Finland – Origins of a Design Nation
It all started in 1875 with the founding of the Finnish Society of Crafts and Design. Its principal aim was to enhance local industry and the manufacturing of goods. A school for teaching manual skills was founded and a collection of industrial products to serve as models was designed. They have later evolved into the University of Art and Design Helsinki (now Aalto University’s School of Art and Design) and the Design Museum. Today, the Society still exists maintaining the national design promotion organization Design Forum Finland.
Public Relations of Finnish design
In the 1940s and `50s the international reputation of Finnish Design was established. Finland participated in Milan Triennials and other design exhibitions, receiving both prizes and fame. This was mainly due to activities of the Society whose CEO H.O. Gummerus personally knew many influential persons and journalists around Europe. Design-oriented companies such as Arabia and Iittala were also eager to take part in this promotion work. The designer Tapio Wirkkala won three Grand Prixs at the Milan Triennal in 1954, and Finland received more awards than any other country participating at the fair.
The promoter of Finnish design, Herman Olof Gummerus, launched his famous campaign at that time and succeeded in communicating major Finnish political and economic messages to the international public. In honour to the life`s work of H. O. Gummerus the Finnish Design Museum organized the exhibition Design Diplomacy. The new promotional campaign for Finnish design was renewed at the beginning of the new millennium.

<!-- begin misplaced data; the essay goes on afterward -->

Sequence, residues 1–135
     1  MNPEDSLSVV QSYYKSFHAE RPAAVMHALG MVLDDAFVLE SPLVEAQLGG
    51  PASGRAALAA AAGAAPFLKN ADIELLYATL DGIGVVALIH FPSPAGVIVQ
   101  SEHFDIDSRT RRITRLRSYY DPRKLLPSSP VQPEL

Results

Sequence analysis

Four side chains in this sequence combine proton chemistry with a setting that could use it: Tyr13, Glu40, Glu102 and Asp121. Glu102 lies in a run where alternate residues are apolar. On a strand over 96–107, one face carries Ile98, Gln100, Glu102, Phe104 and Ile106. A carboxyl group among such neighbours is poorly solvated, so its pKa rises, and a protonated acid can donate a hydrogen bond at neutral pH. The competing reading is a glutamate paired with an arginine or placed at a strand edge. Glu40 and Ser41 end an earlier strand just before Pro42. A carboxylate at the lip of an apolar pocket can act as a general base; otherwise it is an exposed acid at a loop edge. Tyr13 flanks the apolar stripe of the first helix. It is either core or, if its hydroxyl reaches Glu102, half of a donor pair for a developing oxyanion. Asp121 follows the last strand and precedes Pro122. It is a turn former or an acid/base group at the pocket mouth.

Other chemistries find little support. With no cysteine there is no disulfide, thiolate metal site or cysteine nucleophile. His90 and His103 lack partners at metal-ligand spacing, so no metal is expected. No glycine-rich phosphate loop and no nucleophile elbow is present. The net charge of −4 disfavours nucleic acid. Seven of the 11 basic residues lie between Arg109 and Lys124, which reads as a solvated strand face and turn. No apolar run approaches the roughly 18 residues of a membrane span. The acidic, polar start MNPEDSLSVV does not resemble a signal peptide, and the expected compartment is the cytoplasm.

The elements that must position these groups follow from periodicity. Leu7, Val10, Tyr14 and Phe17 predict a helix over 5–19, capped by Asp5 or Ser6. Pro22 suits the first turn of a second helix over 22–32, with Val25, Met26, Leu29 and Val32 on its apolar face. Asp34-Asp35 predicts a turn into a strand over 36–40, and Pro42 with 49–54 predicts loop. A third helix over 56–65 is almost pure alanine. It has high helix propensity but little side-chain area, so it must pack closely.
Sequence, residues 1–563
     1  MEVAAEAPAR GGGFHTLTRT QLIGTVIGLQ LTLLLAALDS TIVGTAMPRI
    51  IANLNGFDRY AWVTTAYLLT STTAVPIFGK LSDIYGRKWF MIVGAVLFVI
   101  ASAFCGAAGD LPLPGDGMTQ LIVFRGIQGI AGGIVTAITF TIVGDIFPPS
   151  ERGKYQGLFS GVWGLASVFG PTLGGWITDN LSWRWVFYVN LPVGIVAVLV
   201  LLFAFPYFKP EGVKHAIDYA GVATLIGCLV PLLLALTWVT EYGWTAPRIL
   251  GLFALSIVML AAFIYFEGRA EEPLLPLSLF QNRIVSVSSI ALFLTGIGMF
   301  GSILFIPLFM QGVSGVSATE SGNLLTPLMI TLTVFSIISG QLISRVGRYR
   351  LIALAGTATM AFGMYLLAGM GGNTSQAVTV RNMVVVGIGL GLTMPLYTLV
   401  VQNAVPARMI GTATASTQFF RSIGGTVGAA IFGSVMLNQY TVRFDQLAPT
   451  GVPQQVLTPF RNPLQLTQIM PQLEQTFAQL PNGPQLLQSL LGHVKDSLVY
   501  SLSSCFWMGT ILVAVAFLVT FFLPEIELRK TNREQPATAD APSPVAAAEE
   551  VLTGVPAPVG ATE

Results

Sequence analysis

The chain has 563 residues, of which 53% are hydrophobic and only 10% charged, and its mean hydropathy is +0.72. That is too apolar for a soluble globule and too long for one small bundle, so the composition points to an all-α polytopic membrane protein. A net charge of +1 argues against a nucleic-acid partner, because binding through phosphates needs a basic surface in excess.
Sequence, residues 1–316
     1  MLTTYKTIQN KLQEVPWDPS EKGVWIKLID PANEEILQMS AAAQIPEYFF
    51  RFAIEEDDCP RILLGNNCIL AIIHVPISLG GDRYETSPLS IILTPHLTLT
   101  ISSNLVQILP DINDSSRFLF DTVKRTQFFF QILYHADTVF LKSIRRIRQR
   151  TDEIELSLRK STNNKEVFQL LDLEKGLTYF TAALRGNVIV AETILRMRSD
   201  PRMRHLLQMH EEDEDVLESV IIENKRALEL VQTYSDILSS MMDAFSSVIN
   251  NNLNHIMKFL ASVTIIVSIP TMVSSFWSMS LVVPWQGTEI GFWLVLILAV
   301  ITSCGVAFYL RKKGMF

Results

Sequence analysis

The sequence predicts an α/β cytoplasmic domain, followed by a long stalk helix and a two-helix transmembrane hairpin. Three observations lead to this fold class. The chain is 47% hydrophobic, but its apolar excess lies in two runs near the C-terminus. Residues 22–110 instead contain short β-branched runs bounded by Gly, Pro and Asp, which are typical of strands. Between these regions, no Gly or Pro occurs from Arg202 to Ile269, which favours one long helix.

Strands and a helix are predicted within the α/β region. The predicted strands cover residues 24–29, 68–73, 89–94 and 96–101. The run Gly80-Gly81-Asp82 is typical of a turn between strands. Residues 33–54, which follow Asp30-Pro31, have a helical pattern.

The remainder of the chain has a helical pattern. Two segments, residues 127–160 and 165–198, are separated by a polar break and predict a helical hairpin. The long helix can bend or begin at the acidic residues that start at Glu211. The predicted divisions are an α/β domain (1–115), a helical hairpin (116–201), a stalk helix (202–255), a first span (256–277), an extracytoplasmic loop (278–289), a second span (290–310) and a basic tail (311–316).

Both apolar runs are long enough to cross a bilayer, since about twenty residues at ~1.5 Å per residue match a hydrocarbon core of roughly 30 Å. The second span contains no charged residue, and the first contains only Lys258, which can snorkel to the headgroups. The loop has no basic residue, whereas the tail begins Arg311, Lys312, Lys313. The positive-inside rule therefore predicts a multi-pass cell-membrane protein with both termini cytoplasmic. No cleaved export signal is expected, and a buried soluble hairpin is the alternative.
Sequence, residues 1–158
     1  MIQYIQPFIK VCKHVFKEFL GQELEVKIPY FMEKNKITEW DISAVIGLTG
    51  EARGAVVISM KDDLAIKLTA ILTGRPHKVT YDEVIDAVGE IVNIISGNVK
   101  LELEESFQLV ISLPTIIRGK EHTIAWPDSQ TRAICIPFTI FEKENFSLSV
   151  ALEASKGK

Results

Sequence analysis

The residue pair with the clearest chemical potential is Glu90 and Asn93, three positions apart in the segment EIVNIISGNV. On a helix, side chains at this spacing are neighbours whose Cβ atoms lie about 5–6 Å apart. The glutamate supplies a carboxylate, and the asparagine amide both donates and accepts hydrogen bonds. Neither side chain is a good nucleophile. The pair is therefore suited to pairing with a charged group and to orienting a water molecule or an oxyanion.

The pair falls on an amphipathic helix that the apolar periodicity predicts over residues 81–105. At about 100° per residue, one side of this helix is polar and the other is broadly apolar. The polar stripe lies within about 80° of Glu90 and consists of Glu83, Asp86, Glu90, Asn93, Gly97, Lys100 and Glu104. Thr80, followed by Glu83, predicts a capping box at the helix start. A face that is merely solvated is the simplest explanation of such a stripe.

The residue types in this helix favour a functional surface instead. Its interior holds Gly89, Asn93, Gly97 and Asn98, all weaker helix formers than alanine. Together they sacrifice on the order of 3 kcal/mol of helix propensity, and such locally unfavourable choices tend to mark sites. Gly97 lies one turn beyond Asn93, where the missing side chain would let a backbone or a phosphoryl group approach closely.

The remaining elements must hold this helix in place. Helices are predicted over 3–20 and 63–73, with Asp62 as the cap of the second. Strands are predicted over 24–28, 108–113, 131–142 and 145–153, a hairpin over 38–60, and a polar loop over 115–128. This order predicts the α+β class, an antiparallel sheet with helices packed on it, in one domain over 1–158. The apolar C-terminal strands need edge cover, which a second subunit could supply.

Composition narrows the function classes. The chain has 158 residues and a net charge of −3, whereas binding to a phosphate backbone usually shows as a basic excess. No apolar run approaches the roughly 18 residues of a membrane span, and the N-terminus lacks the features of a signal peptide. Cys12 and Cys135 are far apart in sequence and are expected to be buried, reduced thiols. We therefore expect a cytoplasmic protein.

Design as the reflection of lifestyle
The characteristics of Finnish design – functionality, clear and minimalist language of form and genuine materials – went well with the aesthetics and lifestyle of the time. Finnish design was more and more present in the media and designer names such as Tapio Wirkkala, Timo Sarpaneva, Antti Nurmesniemi and Alvar Aalto, already a world-famous architect, were established. During the decades, design has been an important cultural factor in Finland, along with architecture, music and sports.
At the turn of the millennium, it also gained significance as a major competitive business tool. The traditional industries based on wood, metal and engineering were no longer able to grow and manufacture was slowly moving abroad. The depression of the 1990s and the credit crunch of the 2000s also enforced many enterprises to restructure their activities. Companies started to regard design as a means of enhancing their business operations. It had always been there, as part of Finnish culture, now it was utilised purposefully.
At the turn of the millennium design was accepted as the major business tool in achieving competitiveness.
In the late 1990s Finland had become one of the leading nations in technological progress, due to various development programs originated by the state. Combining innovations with design proved successful and led to new business concepts. Nokia (mobile phones), Metso (paper mills) and Kone (lifts) were companies that made use of design as a strategic tool. Design also became included in official reports and strategies. In 2000, the Finnish Government drafted the Decision-in-Principle on Finnish Design Policy called “design 2005!”.
Today, design is supported by the state in several ways. It is part of cultural exports, with spearhead projects around the world. The Ministry of Employment and the Economy supports the use of design in small and middle-sized enterprises on the national level. The marriage of design and innovations seems to have been the right policy and it is further encouraged. Novel approaches have been e.g. implementing design in services and the Design Thinking principle. One of the results of this successful design politics is the nomination of Helsinki with its partners as the World Design Capital of 2012 with the theme “Embedding Design in Life”.